A headline on the Cut announces that the midterm election results were “Bad News for Women.” Under it, Ann Friedman argues that even though there were several “prominent victories” for Republican women this week—including combat veteran and hog castrator Joni Ernst in Iowa, black Mormon Mia Love in Utah, and youngest woman to ever be elected to Congress Elise Stefanik in New York—because they do not support abortion rights and are pro-gun, that means their wins are not a boon for women.
I’m not sure I agree. If you are against everything Joni Ernst or Mia Love stand for, then this election was bad for you, and the policies you care about, not bad for women. It should be obvious, but “women”—half the population—are not a uniform voting block with uniform ideas about what is best for them. Though Friedman claims that Ernst was “a woman candidate whom most women voted against,” NBC’s Iowa exit poll shows that’s just not the case: Ernst and her opponent Bruce Braley split the female vote evenly, 49 to 49 percent. Though I personally find Ernst’s far right views terrifying (she believes in fetal personhood and wants to abolish the EPA and the Department of Education), “women” in Iowa do not agree with me, and she’s their representative, not mine.
It’s not just candidates that women disagree on. It’s the issues themselves. Let’s take access to abortion, which is seen as a pivotal “women’s issue.” According to the Washington Post, polling over the years has shown that there’s actually not that much difference between men and women’s views on abortion. And women may be more supportive of restrictions on late-term abortions than men are. Particularly in this election, issues like the economy and security have outweighed social issues among all voters.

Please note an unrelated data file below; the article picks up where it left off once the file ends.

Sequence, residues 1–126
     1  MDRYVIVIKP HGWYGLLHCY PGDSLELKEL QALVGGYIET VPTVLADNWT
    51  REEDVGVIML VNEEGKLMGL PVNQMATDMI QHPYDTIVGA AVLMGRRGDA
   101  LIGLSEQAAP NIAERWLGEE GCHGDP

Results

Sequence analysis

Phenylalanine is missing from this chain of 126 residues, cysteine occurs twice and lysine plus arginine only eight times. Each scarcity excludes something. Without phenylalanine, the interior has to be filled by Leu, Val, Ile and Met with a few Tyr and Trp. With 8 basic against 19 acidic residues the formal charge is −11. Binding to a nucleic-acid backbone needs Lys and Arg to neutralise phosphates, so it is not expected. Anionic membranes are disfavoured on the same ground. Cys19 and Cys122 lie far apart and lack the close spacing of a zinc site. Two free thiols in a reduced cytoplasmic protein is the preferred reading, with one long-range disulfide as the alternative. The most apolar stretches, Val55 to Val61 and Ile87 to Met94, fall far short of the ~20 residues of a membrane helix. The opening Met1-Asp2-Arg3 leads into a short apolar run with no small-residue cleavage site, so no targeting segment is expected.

Which is to say, though the right to choose is incredibly important to people like me and Ann Friedman, it’s not as important to a good portion of the female electorate. And even women who do care deeply about reproductive rights don’t necessarily like being treated as one-issue voters. Two anecdotal examples: After the election, a woman I think of as a deeply feminist Colorado resident—she has devoted her life to fighting sexual assault—posted on Facebook that she was glad to see Democratic Sen. Mark Udall lose his race. “The ads angered me,” she wrote of Udall’s TV commercials like “Backwards,” which focused on women’s access to abortion and contraception. “As a woman, all I care about is my private parts? I have nothing else on my mind, like, I don't know, everything else?” Another woman who voted against Udall, who is a self-declared feminist and fan of Gloria Steinem, told CNN, “I want grandkids. I want security. I don't want to worry about paying the bills…[Udall is] pandering on the choice issue, trying to scare women. I don't scare anymore. I'm beyond that.”
One thing that is “bad news for women” is their paltry numbers in politics. The New York Times has a tally, and at most there will be 21 women in the Senate, 85 women in congress, and 5 women governors in 2015—those are record numbers in Congress, and they still stink. If we want more women in elected office, and we should, then we need to encourage all women of all political stripes to run. As political scientist Danny Hayes points out in the Washington Post, the biggest barrier to having more women in politics is that they don’t run in the first place. Maybe seeing a black first generation American like Mia Love get elected to congress in lily-white Utah will inspire some younger women to run in places where they might assume the electorate is stacked against them. That kind of diversity is good for everyone.